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Authors

  1. Vanore, Marla L. RN, MHA President, Society of Trauma Nurses

Article Content

As I continue in my career in nursing, I am more and more impressed by the potential power of this profession. There are almost 3 million nurses in the United States alone. By and large, nurses are intelligent, well-educated, and caring individuals, and the public frequently votes the nursing profession as one of the most trusted groups of individuals.

 

Despite all that we have to offer, we still struggle with realizing our vast collective power. However, one way to begin to recognize and use our influence is to join and become active in professional organizations. For many, this may mean joining an organization, whereas for others, it means making the leap from dues-paying member to active participant. This can be an intimidating step. There may be a fear of failure, insecurity concerning our abilities, or concern about time commitments. However, having the courage to make this leap is also immensely rewarding and it is your way not only to excel at your job, build your abilities and self-confidence, but also to begin to have a wider circle of influence.

 

I am delighted to be starting my term as President of the Society of Trauma Nurses (STN) during such an exciting time in the development of this organization. Just as we need to challenge ourselves to stretch and grow, the STN has taken up the challenge to do the same.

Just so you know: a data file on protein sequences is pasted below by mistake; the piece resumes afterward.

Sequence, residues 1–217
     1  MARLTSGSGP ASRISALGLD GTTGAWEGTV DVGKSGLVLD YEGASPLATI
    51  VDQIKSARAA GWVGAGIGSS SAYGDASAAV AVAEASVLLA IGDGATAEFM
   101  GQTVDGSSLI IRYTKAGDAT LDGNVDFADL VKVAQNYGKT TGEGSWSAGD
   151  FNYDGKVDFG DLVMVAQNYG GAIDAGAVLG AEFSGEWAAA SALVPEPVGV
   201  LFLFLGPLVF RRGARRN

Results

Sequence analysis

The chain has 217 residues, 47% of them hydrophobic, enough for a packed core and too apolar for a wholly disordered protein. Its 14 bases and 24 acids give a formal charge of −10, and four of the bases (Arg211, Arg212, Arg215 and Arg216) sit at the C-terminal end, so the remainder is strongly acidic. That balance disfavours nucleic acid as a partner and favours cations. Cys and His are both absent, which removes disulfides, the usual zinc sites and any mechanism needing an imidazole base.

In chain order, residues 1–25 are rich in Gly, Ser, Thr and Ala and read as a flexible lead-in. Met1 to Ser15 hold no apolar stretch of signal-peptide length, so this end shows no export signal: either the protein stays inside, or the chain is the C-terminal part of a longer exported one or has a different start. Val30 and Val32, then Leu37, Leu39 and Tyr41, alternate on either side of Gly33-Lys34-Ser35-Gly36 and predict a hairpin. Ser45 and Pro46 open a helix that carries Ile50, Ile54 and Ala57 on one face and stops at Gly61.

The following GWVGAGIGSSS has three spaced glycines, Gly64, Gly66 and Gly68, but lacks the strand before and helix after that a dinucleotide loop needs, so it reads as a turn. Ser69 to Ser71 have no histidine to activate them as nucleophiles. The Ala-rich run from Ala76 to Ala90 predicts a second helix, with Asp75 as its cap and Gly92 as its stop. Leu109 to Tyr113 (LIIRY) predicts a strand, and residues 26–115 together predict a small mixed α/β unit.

Over the last year, the STN has taken a number of giant steps forward in the continuing development of this organization. In July 2005, we moved from a one-person staff that helped us to manage and lead this group to a management contract with The Center for Association Growth based in Glenview, Illinois. This management firm gives us access to an increased depth and breadth of resources so that we can give you, the membership, improved service and focus on helping the organization grow while still keeping in touch with the needs of our members.

 

The second major change over the last year has been to contract with Lippincott Williams and Wilkins to publish the Journal of Trauma Nursing (JTN). JTN has always been a valued resource to all trauma nurses and we are hoping that with this inaugural issue the journal will become even more important to your daily practice.